Sanford Biggers is weaving new narratives into American history
At The Bronx Museum, the first survey of quilt-based works by New York-based artist Sanford Biggers sources codes in American history through pre-1900 antique quilts
The earliest traces of quilt making can be found in 3400 BC. Since then, the art of quilting winds through cultures across the globe, serving a broad range of functions: domestic, commemorative, sartorial and decorative.
Quilting is a tradition tightly stitched into the fabric of American history. From the quilt makers of Gee’s Bend, who occupy a remote hamlet on the Alabama River and have a history of quilting that dates back to the early 20th century, to the continuation of quilting traditions in the work of contemporary artists such as Faith Ringgold and Sam Gilliam.
Perhaps less familiar is quilting’s link to code-switching, the act of alternating between languages or linguistic codes according to context.
These are the themes embedded in New York-based artist Sanford Biggers’ latest show, ‘Codeswitch’, a presentation of almost 60 quilt-based works, which has just opened at The Bronx Museum.
Biggers is perhaps best known for works that reference African American history, ongoing police brutality against Black Americans and Buddhist spiritualism through a practice spanning film, performance, music and sculpture. Biggers draws connections between apparently disparate cultural practices and examines current sociopolitical events while unearthing the contexts that conceived them.
During the last decade, he has turned to quilts as a vehicle to transport new narratives. These often come to him in the form of antique heirlooms, which he acquires and alters. The series in this exhibition, titled Codex, includes mixed media paintings and sculptures placed directly on or made from pre-1900 quilts. He treats these works like an archive, an ‘ongoing material conversation that acquires new meanings over time’.
Biggers made his first quilt in 2009 for the Mother Bethel African Methodist Episcopal Church in Philadelphia, a stop on the Underground Railroad network. This led him to explore the much-disputed folklore narrative that during the antebellum period, quilt designs – hidden in plain sight on fences, washing lines and trees – communicated coded information to African American slaves about routes to freedom through the railroad system.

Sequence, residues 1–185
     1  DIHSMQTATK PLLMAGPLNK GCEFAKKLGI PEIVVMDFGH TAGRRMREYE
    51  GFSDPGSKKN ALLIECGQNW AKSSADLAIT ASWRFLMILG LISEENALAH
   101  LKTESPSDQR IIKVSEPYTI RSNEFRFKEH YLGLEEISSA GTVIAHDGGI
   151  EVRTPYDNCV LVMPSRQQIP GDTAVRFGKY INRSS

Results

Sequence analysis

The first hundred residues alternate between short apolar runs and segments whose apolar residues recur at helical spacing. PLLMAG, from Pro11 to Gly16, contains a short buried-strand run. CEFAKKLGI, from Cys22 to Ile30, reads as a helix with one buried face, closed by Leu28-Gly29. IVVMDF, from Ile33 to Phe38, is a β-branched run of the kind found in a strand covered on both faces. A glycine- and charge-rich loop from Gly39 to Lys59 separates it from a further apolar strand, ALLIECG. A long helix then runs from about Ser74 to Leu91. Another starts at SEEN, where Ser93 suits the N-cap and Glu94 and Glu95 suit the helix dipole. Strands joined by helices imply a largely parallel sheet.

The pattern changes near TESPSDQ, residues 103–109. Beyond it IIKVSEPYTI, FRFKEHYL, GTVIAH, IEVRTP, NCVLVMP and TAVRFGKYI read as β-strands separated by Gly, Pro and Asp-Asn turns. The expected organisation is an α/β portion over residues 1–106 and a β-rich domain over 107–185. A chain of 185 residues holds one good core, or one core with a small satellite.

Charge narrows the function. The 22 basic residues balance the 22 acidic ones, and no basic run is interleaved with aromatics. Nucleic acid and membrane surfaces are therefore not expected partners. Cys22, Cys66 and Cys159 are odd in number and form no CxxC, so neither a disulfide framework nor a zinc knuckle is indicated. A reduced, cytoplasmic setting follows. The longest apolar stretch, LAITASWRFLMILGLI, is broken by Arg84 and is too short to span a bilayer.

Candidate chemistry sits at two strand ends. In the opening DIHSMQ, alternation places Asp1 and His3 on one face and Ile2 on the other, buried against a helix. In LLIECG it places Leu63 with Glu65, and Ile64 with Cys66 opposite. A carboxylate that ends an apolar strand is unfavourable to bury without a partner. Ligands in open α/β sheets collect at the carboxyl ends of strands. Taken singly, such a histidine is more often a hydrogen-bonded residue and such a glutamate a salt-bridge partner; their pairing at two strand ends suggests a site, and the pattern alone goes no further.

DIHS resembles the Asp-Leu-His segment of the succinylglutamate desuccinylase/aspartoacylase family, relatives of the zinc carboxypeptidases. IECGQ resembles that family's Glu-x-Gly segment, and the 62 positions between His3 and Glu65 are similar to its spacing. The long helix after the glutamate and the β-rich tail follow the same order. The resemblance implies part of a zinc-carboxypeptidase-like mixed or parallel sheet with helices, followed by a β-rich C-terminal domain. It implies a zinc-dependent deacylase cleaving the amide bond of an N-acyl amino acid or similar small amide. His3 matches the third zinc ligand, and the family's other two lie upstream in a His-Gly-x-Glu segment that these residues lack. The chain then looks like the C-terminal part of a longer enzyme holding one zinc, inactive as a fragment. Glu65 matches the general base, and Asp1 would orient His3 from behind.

‘I began to search out quilts from the 1800s and add new layers of code through mark-making, painting, cutting, collaging and reconstruction’ Biggers explains. ‘I’m also interested in the tension of working on these objects that hold so much cultural and artistic weight, like embellishing or perhaps defacing history.’ In these works, Biggers views himself as a ‘late collaborator’, imposing contemporary interventions so viewers might interpret the series as a ‘trans-generational “codex” to decipher aspects of American culture’.
Much like linguistic code-switching, Biggers’ work deals in seamless plurality: the power of the past mixed with contemporary thought; high and low brow aesthetics; a liberated colour palette and black comedy. ‘The works in this show actively code switch. They exist as drawings, paintings, objects, archives, craft, low and high art,’ Biggers tells Wallpaper*. ‘My embellishment, erasure, defacement, and repair complicates the provenance and gender of these relics of Americana. They are remixed, chopped and screwed but their softness is ultimately their power.’ §